Bangladesh tele­coms caught up in $500 mil­lion tax row

Kuwait Times - - BUSINESS -

By govern­ment ac­counts, four for­eign­backed cell­phone op­er­a­tors owe $500 mil­lion to Bangladesh in un­paid taxes. By the com­pa­nies’ ac­counts, the fig­ure is closer to $50 mil­lion - if it isn’t zero. As the le­gal row drags into its fourth year with­out res­o­lu­tion, telecom­mu­ni­ca­tions an­a­lysts warn it is putting pres­sure on the in­dus­try that is Bangladesh’s sin­gle largest source of rev­enue, pro­vid­ing $1.43 bil­lion in tax rev­enues in 2015. Govern­ment reg­u­la­tors say the com­pa­nies broke the law by sell­ing old SIM cards with­out prop­erly no­ti­fy­ing reg­u­la­tors, and then failed to pay taxes on those sales from July 2009 and De­cem­ber 2011. They also al­lege the com­pa­nies con­cealed cus­tomer in­for­ma­tion to ob­scure the is­sue, ac­cord­ing to govern­ment le­gal doc­u­ments on the case.

The four com­pa­nies - Nor­we­gian Te­lenor’s sub­sidiary Grameen Phone; Egypt’s Oras­com Tele­com’s Banglalink; Robi, the MalaysianJa­panese joint ven­ture Robi Ax­i­ata Ltd.; and In­dia’s Bharti Air­tel’s sub­sidiary Air­tel - have re­jected the govern­ment’s de­mands, tak­ing the claim to the tax ap­pel­late tri­bunal. Both the govern­ment and its tax author­ity re­fused com­ment while the case is still un­der court re­view.

In­dus­try ex­perts say the stand­off may alien­ate com­pa­nies and spook in­vestors in this coun­try of 160 mil­lion peo­ple. Bri­tish-based Voda­fone is fac­ing a sim­i­lar case in In­dia, where au­thor­i­ties want $2.5 bil­lion in back taxes from an as­set pur­chase done be­fore In­dian leg­is­la­tion in 2012 made such deals sub­ject to tax­a­tion. Most of the 128 mil­lion mo­bile-phone sub­scribers in Bangladesh are cus­tomers of one of the four pri­vate com­pa­nies in­volved in the tax dis­pute.

“The govern­ment must think of the is­sue from the point of view that this is the largest for­eign in­vest­ment sec­tor in the coun­try,” said T.I.M. Nu­rul Kabir, who heads the As­so­ci­a­tion of Mo­bile Tele­com Op­er­a­tors of Bangladesh lob­by­ing con­sor­tium. “The in­dus­try is suf­fer­ing for this dis­pute.”Tele­coms com­pa­nies and their in­vestors are grow­ing more cau­tious about build­ing a ru­ral cell­phone net­work, said Abu Saeed Khan, a Bangladeshi telecom­mu­ni­ca­tion ex­pert who works as a se­nior pol­icy fel­low of the Colom­bobased LIRNEa­sia think tank.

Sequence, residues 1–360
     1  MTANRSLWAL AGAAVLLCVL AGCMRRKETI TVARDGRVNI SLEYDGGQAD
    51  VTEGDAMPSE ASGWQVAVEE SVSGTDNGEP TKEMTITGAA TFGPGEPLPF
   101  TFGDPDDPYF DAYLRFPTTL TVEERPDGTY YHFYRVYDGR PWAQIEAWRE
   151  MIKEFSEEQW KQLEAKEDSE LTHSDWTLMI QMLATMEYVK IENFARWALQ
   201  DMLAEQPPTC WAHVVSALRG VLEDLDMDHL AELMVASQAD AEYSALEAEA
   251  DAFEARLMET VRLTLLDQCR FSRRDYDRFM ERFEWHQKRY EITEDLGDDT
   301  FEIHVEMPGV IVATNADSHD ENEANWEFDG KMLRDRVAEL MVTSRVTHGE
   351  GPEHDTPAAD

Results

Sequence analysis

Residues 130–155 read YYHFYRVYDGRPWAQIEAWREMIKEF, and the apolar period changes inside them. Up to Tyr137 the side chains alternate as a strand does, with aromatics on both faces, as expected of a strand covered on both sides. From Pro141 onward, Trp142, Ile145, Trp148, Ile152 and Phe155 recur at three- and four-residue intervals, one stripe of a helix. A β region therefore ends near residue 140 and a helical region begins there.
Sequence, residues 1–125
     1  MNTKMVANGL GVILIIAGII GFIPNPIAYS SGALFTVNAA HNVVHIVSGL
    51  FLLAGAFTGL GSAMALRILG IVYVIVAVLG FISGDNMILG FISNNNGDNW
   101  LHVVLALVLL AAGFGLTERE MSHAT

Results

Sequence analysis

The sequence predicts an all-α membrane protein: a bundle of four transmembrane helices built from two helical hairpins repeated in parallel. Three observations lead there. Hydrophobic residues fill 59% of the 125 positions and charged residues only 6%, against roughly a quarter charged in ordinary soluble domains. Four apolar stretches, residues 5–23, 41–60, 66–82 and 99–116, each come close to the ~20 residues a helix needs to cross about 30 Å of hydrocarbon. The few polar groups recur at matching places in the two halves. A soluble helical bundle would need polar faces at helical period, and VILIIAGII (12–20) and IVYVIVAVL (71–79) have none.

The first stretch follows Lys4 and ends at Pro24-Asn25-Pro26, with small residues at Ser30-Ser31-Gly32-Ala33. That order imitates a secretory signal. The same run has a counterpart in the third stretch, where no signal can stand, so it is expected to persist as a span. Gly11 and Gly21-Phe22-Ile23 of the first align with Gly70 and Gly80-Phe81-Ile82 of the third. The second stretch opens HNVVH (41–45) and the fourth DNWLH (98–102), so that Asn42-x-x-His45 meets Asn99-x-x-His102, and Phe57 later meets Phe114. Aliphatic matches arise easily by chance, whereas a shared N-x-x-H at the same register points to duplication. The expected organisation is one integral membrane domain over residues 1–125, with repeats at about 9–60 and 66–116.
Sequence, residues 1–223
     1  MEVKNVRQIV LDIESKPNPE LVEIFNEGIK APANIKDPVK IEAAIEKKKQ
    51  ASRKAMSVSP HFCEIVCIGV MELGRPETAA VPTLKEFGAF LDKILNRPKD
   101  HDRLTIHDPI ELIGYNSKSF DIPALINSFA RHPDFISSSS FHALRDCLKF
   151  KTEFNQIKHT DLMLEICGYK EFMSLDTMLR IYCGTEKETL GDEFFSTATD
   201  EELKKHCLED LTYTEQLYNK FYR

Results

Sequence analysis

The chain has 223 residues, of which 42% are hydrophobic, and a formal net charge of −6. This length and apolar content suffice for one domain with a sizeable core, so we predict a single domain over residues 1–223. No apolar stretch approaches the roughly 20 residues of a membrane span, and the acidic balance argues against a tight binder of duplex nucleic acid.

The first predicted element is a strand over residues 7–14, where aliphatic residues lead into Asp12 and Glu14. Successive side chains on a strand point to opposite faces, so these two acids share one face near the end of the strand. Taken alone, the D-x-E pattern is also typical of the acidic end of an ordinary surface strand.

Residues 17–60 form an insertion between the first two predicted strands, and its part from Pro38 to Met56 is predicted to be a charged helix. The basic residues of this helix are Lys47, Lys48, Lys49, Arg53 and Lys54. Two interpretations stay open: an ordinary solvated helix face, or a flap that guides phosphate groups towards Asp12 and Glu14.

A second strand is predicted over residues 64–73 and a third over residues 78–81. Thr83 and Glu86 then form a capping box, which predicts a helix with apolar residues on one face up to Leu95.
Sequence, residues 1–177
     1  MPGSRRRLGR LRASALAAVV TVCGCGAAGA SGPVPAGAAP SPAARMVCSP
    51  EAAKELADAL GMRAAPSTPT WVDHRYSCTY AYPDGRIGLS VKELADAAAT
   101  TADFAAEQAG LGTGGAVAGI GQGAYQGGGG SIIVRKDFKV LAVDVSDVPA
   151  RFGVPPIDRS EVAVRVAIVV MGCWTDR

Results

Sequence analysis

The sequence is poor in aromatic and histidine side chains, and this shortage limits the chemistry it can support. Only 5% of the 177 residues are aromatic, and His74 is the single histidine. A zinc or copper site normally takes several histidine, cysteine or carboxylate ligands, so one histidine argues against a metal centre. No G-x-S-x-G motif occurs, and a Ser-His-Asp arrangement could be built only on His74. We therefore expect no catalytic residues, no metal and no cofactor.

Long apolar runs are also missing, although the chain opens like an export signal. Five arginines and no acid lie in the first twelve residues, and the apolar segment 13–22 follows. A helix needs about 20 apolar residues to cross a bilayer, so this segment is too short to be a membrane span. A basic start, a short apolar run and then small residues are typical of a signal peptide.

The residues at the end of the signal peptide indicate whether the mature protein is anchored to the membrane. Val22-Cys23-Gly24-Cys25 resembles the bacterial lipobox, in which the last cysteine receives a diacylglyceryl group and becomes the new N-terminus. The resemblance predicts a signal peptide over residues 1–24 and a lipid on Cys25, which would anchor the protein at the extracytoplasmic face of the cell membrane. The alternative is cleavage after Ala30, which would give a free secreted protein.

“Busi­ness con­fi­dence is feel­ing the pinch,” he said. Khan said Asian reg­u­la­tors don’t un­der­stand how to ef­fec­tively tax tele­coms com­pa­nies, and end up go­ing back for more later. In Bangladesh, “the dis­pute in­volves some grey ar­eas from the reg­u­la­tors’ side ... and op­er­a­tors used these grey ar­eas for their own ben­e­fit.” The case erupted in 2012, when the govern­ment handed the four for­eign-backed sub­sidiaries the bill for back taxes to­tal­ing about $500 mil­lion com­bined. The taxes come from VAT charges of 100 Bangladeshi taka, or about $1.28, that cus­tomers pay when buy­ing ei­ther an old or a new SIM card, though sell­ing old cards tech­ni­cally be­came le­gal only in May 2015 when the tele­com reg­u­la­tor is­sued guide­lines for such sales.

The govern­ment says the tele­coms providers ne­glected to pay VAT taxes on old SIMS cards they sold long be­fore such sales were il­le­gal. The com­pa­nies do not deny sell­ing old SIMs, but say the prac­tice was not il­le­gal. They also con­tend the to­tal amount due from any tax anom­alies would not ex­ceed 10 per­cent of the govern­ment’s claim.

The $50 mil­lion court de­posit re­quired to take the case to the tax ap­pel­late court tied up com­pany fi­nanc­ing and was “a big bur­den for us,” said Taimur Rah­man, chief cor­po­rate and reg­u­la­tory af­fairs of­fi­cer of Banglalink, which claims a 25 per­cent mar­ket share and posted $158 mil­lion in rev­enues in the sec­ond-quar­ter of this year. The case has dragged on, stuck in Bangladesh’s painfully slow ju­di­cial sys­tem. In 2012, the tax court for­warded the is­sue to the rev­enue depart­ment for ne­go­ti­a­tion and set­tle­ment. For a year, noth­ing hap­pened. Reg­u­la­tors are ex­pected to float an auc­tion for the 4G spec­trum by the end of this year. In 2013, the com­pa­nies threat­ened to boy­cott the coun­try’s 3G spec­trum auc­tion un­less the tax is­sue was re­solved, prompt­ing the govern­ment to form a dis­pute res­o­lu­tion panel.

But three years later, noth­ing’s been re­solved. Reg­u­la­tors meet reg­u­larly with the tele­coms as­so­ci­a­tion, but nei­ther side has yielded. Mean­while, the court has post­poned hear­ings and urged the rev­enue depart­ment to re­solve the dis­pute, to no avail.

“We are still open to dis­cuss and find an am­i­ca­ble so­lu­tion,” said Rah­man of Banglalink. “We want to fo­cus on pro­vid­ing bet­ter and af­ford­able ser­vice to our sub­scribers, rather than fight­ing in court.” Both sides are now say­ing the is­sue needs to go back to a court.

“If the court gives us any di­rec­tion on the is­sue, we will just fol­low that,” said Sar­war Alam, sec­re­tary of the Bangladesh Telecom­mu­ni­ca­tion Reg­u­la­tory Com­mis­sion. — AP

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